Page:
There are many tricks that our minds play on us. The worst is that if we blink we don’t see that we blink. For a moment we should see the back of our eyelids, our world should go dark, but that doesn’t happen. Our brains simply extend the last image they received until our eyes send a new signal to the brains. In essence: when we blink our whole world stops for a moment. It is just a moment, but for that moment we are blind, frozen in the world, and don’t even know it.
When we finally moved back into our old house I stopped taking the medication and accordingly the figures I saw in random places throughout the day reappeared. When I noticed that my blinking speed had increased again I told myself that the figures were caused by the fast blinking speed. My brain, I thought, was just making a mistake. For one reason or the other the real image of the back of my eyelids wasn’t replaced by a still image of what I had seen before – instead it was replaced by images of people or animals from my memory. And, surely, Garret must have had the same problem.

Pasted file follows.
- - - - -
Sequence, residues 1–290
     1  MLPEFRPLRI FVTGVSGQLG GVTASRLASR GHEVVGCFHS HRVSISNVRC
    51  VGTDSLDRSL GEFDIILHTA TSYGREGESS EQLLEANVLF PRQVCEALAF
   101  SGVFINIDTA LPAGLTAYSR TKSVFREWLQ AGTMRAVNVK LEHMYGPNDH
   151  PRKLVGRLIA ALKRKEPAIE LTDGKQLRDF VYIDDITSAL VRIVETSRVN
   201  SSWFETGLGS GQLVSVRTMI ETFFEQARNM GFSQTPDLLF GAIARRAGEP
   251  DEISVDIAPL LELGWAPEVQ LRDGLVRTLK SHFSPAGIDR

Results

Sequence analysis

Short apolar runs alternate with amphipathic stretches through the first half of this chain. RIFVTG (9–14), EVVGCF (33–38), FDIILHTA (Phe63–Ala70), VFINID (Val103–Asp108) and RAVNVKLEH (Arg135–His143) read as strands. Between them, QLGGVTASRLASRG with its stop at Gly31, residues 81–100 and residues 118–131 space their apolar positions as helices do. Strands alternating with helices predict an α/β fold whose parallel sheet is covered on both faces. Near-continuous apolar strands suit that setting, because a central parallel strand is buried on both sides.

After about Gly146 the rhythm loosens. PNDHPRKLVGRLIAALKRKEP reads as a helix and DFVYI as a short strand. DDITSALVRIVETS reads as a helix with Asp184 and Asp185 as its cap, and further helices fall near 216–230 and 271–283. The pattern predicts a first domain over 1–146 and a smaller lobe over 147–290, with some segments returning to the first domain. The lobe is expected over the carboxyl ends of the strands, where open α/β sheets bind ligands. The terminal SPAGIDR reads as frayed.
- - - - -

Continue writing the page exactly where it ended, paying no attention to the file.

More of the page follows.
Then, a few months ago, I had my accident. A car drove over an empty water bottle and the lid shot off the bottle and scraped my right eye.
My eyeball was scratched but not seriously injured. For two weeks I had to wear an eye patch that earned me the nickname “pirate,” but otherwise my vision was fine.
What the doctor didn’t manage to repair properly was my eyelid. I had seven stitches in the lid; still he didn’t manage to repair it fully. The doctor said the small hole that remained could be annoying but as long as I kept it clean it wouldn’t be a health issue. Even during sleep the eyes still keep moving, so with the small size of the hole the eye would easily be able to remain its moisture. He recommended that I sleep with an eye mask.
The pain faded away; then the remaining tissue healed. The small hole in my right eyelid remained.
Then I was finally allowed to remove the eye patch.
I heard that some people’s brains never properly learn to see the third dimension. Those people have two eyes and live normal lives and never even realize that they don’t see the third dimension. But at any point in their lives, such as when they are watching a 3D-movie, their three-dimensional vision might ‘snap’ into place. From that moment on they are able to see the third dimension and understand the whole world in a different way.